Dear Friends and Families of L.E.A.D.,
As the country begins to recover from the pandemic, our state and local authorities have released guidance that allows youth sport leagues to resume activities. We are excited about the prospect of bringing baseball back to our youth, families, and communities. However, we also firmly believe it’s important to maintain incredibly high standards for safety and health during this tenuous time of reopening our society.
Because the state of our Black boys and communities depends on us to provide the best opportunities for our youth to be successful, for L.E.A.D., it is no longer a question of if we can reopen but when. Our ability to get #Back2Play and fundraising for our everyday mission – empowering Black boys to overcome crime, poverty and racism through the sport of baseball – means we get back to helping our youth combat the obstacles and pitfalls they face as we instill our core values of excellence, humility, integrity, loyalty, stewardship and teamwork into their moral compass. We are here to empower an at-risk generation of youth to lead and pave ways for future generations.
As such, we have restarted our Ambassador Program with our #Back2Play initiative, but under strict guidelines outlined by the CDC and The City Of Atlanta. We understand your fears and concerns about COVID-19 and the current state of racial civil unrest, and we are implementing modifications to safely get our Ambassadors back into a routine of engaging in our frequent, positive, proven programming.
Given the low contact nature of our sport, we truly believe we can modify our activities in a manner that is both safe and maintains the integrity of our game play. We also have new operating protocols to ensure our facilities, people, and processes are maximizing the safety of everyone involved in L.E.A.D.’s #Back2Play experience.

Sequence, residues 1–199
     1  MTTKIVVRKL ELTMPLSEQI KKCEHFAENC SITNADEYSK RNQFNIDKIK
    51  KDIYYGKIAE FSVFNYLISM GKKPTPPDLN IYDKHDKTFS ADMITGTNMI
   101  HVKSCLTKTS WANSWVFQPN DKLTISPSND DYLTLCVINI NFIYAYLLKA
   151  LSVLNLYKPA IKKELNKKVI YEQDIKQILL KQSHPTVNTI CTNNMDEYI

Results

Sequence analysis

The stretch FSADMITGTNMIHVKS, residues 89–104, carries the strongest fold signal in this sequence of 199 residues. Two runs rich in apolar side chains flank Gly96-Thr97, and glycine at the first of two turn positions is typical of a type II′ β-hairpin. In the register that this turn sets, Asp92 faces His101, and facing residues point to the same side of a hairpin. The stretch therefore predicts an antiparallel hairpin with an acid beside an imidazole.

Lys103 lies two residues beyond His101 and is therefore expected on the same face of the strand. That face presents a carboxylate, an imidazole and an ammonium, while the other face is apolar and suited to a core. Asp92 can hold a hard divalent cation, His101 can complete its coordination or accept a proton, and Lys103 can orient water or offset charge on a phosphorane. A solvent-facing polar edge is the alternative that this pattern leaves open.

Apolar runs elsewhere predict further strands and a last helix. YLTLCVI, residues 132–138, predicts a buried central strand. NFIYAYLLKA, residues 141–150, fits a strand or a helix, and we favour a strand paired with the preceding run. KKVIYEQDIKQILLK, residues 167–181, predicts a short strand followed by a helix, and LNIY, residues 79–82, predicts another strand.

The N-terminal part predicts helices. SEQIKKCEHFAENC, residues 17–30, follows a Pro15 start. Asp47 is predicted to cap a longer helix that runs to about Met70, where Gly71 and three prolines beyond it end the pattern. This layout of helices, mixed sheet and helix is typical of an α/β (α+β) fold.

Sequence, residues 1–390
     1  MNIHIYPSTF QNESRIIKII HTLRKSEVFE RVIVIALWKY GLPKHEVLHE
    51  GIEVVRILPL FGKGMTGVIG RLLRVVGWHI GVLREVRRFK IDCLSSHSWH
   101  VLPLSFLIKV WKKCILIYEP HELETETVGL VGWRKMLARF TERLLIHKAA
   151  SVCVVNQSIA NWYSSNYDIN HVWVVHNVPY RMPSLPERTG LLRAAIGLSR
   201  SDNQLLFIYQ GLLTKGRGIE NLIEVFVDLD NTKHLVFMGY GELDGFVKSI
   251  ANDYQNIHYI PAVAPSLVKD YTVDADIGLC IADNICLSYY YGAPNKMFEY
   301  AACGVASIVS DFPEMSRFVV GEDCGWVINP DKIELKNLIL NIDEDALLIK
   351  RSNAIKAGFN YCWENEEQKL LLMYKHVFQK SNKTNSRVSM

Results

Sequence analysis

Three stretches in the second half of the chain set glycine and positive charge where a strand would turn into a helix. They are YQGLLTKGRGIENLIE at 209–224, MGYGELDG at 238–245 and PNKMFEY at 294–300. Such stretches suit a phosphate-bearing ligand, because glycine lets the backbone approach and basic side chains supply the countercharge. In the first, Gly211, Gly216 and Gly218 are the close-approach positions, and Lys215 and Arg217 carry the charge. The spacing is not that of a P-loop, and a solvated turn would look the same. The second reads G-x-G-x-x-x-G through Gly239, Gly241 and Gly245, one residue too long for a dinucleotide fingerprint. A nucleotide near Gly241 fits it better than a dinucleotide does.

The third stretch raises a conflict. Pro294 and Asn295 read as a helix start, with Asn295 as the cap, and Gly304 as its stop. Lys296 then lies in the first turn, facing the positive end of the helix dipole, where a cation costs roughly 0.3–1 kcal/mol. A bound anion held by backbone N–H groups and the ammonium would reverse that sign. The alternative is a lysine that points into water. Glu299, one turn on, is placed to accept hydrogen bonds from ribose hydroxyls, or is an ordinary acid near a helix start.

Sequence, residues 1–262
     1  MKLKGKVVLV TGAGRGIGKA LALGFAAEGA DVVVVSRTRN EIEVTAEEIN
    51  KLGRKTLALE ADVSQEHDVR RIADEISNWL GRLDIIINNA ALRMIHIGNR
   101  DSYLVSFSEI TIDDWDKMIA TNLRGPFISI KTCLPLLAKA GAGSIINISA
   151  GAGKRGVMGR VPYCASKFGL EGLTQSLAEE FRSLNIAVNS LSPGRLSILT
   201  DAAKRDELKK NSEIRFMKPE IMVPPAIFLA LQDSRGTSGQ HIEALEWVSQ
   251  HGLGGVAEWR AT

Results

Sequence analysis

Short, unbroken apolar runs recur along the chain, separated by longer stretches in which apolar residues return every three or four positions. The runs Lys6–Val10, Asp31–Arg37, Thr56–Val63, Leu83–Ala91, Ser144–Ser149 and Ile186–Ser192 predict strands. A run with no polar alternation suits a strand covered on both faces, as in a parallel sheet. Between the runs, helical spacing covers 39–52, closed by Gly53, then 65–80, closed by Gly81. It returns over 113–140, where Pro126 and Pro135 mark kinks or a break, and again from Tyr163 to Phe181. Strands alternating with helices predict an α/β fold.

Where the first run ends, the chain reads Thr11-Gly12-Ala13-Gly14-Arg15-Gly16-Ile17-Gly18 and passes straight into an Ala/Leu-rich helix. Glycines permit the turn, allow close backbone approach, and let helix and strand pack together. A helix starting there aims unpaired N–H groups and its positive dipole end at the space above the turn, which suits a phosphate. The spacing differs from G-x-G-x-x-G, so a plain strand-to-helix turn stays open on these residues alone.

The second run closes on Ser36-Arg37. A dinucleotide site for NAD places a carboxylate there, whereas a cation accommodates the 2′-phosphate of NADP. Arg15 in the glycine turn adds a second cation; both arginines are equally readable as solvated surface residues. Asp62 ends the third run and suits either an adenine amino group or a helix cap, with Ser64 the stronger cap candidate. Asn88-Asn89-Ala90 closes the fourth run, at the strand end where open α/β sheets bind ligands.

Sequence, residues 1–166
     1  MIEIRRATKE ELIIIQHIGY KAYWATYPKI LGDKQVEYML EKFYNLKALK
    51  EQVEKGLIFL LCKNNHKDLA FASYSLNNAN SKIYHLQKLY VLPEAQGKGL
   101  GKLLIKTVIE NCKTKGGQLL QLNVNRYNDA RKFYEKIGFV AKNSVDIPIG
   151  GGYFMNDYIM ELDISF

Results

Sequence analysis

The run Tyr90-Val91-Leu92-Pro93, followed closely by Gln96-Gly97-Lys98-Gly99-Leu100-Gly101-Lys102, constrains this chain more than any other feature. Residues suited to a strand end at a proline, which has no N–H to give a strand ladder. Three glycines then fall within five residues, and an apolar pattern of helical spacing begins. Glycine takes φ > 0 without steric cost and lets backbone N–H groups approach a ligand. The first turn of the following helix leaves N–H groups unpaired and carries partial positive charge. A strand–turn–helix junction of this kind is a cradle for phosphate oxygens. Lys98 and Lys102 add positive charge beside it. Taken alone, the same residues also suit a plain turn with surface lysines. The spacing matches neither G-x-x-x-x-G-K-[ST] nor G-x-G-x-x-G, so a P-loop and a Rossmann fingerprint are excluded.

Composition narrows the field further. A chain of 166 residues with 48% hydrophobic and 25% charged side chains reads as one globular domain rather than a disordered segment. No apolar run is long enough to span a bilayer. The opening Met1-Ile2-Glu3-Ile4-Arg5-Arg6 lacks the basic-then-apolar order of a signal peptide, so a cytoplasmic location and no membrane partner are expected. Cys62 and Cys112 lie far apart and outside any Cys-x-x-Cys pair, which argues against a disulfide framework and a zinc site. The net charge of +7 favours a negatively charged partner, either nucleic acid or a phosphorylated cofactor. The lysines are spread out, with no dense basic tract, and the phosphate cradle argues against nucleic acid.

We have trained our coaches on our new modified play rules and protocols and we maintain an open line of communication with our parents. While we recognize that some of our supporters and families will face a difficult decision when it comes to L.E.A.D. returning to play this season. We respect each individual decision and remind you of our purpose. When we started L.E.A.D. in 2007, it was in response to the rhetoric of “Black boys don’t play baseball.” We knew better, and so we set out to prove the naysayers wrong. As our inaugural season came to a close and we learned about the uneven playing field that exists for Black boys in the education system, in addition to the baseball diamond, we began to see baseball as a social justice resource.
From the beginning, we immersed our youth, who we call Ambassadors, into civic engagement activities that taught them about their ancestors and the truth about the beautiful and tragic journey of being Black in America. Whether it was attending National Black Arts Festival events where they could admire the creativity of their people or visiting the Center For Civil & Human Rights so that they could understand the power, influence and tenacity of their people, our Ambassadors have always been immersed in an environment where they are uplifted and empowered.
LEAD has been on the front lines for Black boys in Atlanta for over thirteen years using baseball to help our youth overcome crime, poverty and racism. Our position has not and will not change. Black lives have always mattered to us, as well as to the many stakeholders who support us. Getting Back2Play is about saving our boys’ lives by providing them with a positive, proven, empowering and safe environment to learn, grow and play. Want to get in the game with us? Text Back2Play to 41411 to learn how.
Thank you again for your support of L.E.A.D. and our Ambassadors. These are extraordinary times and we believe strongly that youth baseball can help us in our recovery. However, it has to be done safely, with the utmost care for the health of our youth and our communities. Let’s get #Back2Play!
Kelli Stewart, Co-founder/COO